The couple is not related to the Irvine family that once owned a sizeable chunk of Orange County, Calif., and has a city named after them. But the Oregon Irvines sell their new wine south of the state border and that causes confusion. Diners at the Summer House in Corona del Mar ask the wait staff, “Where is Irvine Vineyards?” with such interest it’s almost as if you can see them ready to punch in an address on their GPS and go.

If wine appreciators want to visit the Irvine Vineyards winery and tasting room, they’ll have to wait until they are constructed on the family’s Oregon land, reachable from an unpaved road. For now, the wine is available at select wine shops, restaurants and Pallet Wine Co., the custom crush facility in Medford where winemaker Linda Donovan made it.

Doug says he asked Donovan to “do her magic, but let the grapes do their thing.” The wines were fermented with their own native yeast. “The wine came through,” he says. “We believe we have struck gold.”

The Irvines’ young vineyard was hit hard this year by a mama bear and two cubs that used it as a fast-food operation. Like so many other growers, the Irvines were also bothered by birds. Doug looked into inventive ways to deter the birds, even considering installing those air-filled tubes that look like waving stick figures. “Can you imagine those blowing around at the end of the rows?” he asks.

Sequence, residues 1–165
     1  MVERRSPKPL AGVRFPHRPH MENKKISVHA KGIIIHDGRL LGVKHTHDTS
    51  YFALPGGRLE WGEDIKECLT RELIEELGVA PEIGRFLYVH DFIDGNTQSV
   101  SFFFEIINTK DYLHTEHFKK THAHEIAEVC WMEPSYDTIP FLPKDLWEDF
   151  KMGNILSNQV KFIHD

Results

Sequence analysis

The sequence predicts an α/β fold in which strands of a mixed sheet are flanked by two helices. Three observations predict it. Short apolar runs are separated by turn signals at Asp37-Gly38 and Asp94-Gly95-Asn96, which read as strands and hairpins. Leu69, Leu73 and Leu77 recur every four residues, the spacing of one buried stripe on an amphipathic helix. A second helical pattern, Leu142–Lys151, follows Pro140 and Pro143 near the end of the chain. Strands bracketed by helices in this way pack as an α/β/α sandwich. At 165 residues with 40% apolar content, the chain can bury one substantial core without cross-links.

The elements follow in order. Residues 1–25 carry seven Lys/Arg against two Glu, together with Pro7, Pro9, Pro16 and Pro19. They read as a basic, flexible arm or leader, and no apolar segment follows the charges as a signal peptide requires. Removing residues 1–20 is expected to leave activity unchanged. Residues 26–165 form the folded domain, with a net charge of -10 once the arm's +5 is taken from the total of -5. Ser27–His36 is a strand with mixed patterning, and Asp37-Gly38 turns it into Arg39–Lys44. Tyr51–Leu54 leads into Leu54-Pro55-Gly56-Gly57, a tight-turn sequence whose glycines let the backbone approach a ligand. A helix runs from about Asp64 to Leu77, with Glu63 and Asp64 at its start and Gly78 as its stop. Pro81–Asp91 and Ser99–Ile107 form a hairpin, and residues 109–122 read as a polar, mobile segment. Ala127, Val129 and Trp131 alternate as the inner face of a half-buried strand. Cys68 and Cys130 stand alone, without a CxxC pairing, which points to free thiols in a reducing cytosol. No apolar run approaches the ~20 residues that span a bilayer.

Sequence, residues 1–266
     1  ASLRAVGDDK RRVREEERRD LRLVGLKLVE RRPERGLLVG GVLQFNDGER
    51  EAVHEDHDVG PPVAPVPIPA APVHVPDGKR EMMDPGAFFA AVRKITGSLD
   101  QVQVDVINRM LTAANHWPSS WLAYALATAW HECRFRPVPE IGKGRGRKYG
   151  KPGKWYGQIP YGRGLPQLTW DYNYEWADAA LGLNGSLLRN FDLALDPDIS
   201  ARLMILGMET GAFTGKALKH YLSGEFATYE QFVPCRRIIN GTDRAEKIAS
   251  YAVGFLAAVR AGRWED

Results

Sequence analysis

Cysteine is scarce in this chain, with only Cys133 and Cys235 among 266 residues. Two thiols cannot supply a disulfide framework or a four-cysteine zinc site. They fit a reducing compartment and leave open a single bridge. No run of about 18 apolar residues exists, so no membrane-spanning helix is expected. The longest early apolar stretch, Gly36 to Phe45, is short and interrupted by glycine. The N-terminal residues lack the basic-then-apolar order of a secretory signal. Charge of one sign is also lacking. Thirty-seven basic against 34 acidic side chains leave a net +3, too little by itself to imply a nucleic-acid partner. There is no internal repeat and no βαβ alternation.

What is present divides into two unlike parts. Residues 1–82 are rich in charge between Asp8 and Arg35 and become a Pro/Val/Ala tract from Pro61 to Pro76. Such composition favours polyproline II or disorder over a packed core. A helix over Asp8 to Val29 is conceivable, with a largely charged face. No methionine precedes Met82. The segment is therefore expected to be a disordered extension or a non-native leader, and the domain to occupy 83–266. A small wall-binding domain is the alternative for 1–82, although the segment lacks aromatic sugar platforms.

Even after buying additional grapes from small vineyards in Talent, there are only 90 cases of the Irvines’ ’09 Pinot Noir and 50 cases of Viognier. The 2010 vintage will produce 200 cases of Pinot Noir, a varietal Doug says “will be our bread and butter for the future,” and 100 cases of Chardonnay. The Irvines want to increase their quantities over time, but never make more than 2,000 cases a year. Once they are up to full growing capacity, they will sell off surplus fruit.

With both land developing and wine producing, Doug says there’s always that drive to seek perfection.  “The best examples are simple and elegant. We believe, let nature do its thing. Don’t get gaudy. Deliver a product that sells itself. You can’t fool people with gimmicks.”

Janet Eastman writes about Southern Oregon wine for national publications and websites. Her work can be seen at